Until the early 1900s, asserts Burton, the relationship between housing and health was seen as inextricably linked. Over time, health moved into the domain of healthcare provision, architecture became more closely aligned with art, and town planning with economic and environmental concerns. Shining light on the health challenges of contemporary life, including the rise of lifestyle-related diseases, coupled with increased human longevity, she urges us to do away with these artificial silos, and to realign our concerns with health and well-being by envisioning the "housing of the future”.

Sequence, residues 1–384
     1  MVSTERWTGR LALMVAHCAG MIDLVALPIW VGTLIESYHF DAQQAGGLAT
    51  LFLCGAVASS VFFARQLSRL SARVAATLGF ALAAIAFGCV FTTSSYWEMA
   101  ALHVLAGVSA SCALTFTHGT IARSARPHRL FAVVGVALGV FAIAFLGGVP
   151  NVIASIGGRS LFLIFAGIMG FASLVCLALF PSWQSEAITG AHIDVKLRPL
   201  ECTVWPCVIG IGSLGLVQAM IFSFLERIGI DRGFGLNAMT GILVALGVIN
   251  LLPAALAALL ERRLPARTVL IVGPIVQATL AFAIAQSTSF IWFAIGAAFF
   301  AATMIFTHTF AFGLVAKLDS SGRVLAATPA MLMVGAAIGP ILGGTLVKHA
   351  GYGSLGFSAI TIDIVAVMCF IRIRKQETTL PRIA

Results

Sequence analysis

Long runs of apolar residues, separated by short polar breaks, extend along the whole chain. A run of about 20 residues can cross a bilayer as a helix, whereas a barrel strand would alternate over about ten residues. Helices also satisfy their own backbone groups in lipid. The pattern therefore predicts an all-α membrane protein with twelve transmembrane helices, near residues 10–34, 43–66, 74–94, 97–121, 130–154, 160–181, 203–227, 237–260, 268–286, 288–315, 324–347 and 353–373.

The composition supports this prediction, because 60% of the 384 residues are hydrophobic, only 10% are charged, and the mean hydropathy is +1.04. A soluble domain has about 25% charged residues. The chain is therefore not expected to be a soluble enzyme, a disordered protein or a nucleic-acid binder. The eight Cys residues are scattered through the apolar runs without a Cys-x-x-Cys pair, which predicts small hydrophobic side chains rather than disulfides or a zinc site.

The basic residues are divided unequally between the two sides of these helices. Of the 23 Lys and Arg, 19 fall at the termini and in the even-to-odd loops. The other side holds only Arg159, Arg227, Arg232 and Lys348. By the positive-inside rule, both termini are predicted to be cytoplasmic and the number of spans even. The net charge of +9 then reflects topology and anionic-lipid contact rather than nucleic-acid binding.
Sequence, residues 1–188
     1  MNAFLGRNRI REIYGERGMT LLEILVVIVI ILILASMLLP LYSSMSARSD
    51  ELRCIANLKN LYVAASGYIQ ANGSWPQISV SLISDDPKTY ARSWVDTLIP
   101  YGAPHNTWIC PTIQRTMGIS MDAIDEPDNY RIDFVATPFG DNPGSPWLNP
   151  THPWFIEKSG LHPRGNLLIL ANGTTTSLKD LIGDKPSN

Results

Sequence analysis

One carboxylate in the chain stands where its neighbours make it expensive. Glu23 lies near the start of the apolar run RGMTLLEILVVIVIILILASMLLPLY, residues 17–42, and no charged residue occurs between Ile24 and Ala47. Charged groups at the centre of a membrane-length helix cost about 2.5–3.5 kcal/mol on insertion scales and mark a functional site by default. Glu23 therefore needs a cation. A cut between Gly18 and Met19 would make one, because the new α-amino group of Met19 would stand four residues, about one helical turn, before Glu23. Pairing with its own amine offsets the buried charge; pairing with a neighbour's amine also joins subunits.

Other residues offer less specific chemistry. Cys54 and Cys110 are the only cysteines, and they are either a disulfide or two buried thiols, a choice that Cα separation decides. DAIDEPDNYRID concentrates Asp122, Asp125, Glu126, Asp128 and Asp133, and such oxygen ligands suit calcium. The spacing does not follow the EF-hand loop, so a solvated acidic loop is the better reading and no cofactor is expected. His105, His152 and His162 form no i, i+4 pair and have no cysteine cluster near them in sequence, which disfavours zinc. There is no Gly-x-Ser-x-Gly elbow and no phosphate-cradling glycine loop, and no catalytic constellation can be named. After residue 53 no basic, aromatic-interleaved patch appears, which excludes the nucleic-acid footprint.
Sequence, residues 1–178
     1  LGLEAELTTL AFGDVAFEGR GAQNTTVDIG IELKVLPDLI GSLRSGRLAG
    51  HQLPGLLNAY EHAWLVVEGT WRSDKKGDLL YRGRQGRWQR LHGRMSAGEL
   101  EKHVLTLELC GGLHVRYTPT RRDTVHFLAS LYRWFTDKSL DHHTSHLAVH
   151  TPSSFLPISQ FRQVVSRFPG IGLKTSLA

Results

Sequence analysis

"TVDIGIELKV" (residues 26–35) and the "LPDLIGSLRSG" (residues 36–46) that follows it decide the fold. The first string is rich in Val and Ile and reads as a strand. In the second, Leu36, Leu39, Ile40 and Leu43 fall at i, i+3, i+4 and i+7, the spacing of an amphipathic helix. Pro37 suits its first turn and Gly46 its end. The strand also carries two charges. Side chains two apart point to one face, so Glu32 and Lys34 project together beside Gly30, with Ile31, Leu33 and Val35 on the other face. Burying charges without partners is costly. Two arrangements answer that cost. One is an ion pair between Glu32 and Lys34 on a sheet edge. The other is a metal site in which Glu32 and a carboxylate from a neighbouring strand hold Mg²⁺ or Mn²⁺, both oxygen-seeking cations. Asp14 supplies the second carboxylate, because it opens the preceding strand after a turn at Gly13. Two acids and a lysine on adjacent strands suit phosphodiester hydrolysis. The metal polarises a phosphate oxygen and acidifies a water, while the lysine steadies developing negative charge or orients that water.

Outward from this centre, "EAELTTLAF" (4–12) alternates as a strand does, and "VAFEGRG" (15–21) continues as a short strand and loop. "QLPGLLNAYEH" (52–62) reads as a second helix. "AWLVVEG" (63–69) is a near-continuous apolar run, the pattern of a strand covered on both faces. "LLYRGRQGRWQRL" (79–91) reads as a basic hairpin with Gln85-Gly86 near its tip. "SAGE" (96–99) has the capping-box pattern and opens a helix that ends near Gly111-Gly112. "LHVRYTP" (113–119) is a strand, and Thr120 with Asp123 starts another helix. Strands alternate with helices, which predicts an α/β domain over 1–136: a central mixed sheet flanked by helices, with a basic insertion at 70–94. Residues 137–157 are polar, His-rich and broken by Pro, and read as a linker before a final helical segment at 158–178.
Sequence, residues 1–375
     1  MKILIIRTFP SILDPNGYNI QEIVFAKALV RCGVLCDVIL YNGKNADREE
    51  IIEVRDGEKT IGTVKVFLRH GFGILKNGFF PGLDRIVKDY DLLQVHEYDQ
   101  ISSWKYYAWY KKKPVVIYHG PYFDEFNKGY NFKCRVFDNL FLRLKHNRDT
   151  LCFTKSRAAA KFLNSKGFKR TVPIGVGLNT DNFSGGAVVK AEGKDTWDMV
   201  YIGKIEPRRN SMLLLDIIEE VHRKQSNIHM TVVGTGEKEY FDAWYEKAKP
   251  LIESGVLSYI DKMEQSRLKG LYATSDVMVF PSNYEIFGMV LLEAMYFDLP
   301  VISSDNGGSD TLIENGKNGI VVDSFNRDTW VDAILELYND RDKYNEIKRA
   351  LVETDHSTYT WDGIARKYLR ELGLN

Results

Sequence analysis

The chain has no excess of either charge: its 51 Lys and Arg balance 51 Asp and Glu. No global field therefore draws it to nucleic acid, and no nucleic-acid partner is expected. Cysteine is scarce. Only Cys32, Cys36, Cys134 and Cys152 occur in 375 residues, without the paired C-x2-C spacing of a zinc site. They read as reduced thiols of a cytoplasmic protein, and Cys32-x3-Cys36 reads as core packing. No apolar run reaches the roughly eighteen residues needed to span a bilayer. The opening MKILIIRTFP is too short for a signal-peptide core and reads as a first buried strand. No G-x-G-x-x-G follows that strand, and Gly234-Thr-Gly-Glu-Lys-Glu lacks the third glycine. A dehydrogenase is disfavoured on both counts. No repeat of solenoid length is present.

When Burton refers to health, she is referring to more than just physical health and obesity, but rather overall well-being and happiness. She points to several possible key features for designing homes with well-being in mind-- including the provision of “better space” that is organized and designed to accommodate families as they relax together or alternatively, as each member does their own thing. Other features in housing could aim to “boost our mood” such as the incorporation of abundant natural light and views of green space.
Finally, she compares the possibility of a rating system for housing to that of rating food, "[j]ust as for food we know not just what we like to eat but also what is likely to be good for us, [similarly] in housing we could know a bit more about how a home is likely to affect different aspects of our well-being."